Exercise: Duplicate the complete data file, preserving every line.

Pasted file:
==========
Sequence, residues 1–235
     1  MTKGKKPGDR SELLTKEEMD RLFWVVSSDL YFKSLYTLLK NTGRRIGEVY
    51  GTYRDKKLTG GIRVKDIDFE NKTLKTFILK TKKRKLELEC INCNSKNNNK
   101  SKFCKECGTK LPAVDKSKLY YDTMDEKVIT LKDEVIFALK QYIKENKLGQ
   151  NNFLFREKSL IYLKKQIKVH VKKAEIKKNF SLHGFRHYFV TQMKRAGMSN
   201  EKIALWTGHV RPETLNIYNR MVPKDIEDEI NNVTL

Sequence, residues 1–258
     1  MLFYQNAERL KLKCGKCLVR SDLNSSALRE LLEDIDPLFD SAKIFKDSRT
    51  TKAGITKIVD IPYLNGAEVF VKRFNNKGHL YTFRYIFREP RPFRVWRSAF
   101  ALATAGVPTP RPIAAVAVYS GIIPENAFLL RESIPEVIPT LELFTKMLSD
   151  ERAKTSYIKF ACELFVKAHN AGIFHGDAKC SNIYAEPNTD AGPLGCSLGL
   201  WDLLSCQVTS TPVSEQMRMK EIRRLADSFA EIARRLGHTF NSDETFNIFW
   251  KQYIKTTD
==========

Sequence, residues 1–235
     1  MTKGKKPGDR SELLTKEEMD RLFWVVSSDL YFKSLYTLLK NTGRRIGEVY
    51  GTYRDKKLTG GIRVKDIDFE NKTLKTFILK TKKRKLELEC INCNSKNNNK
   101  SKFCKECGTK LPAVDKSKLY YDTMDEKVIT LKDEVIFALK QYIKENKLGQ
   151  NNFLFREKSL IYLKKQIKVH VKKAEIKKNF SLHGFRHYFV TQMKRAGMSN
   201  EKIALWTGHV RPETLNIYNR MVPKDIEDEI NNVTL

Sequence, residues 1–258
     1  MLFYQNAERL KLKCGKCLVR SDLNSSALRE LLEDIDPLFD SAKIFKDSRT
    51  TKAGITKIVD IPYLNGAEVF VKRFNNKGHL YTFRYIFREP RPFRVWRSAF
   101  ALATAGVPTP RPIAAVAVYS GIIPENAFLL RESIPEVIPT LELFTKMLSD
   151  ERAKTSYIKF ACELFVKAHN AGIFHGDAKC SNIYAEPNTD AGPLGCSLGL
   201  WDLLSCQVTS TPVSEQMRMK EIRRLADSFA EIARRLGHTF NSDETFNIFW
   251  KQYIKTTD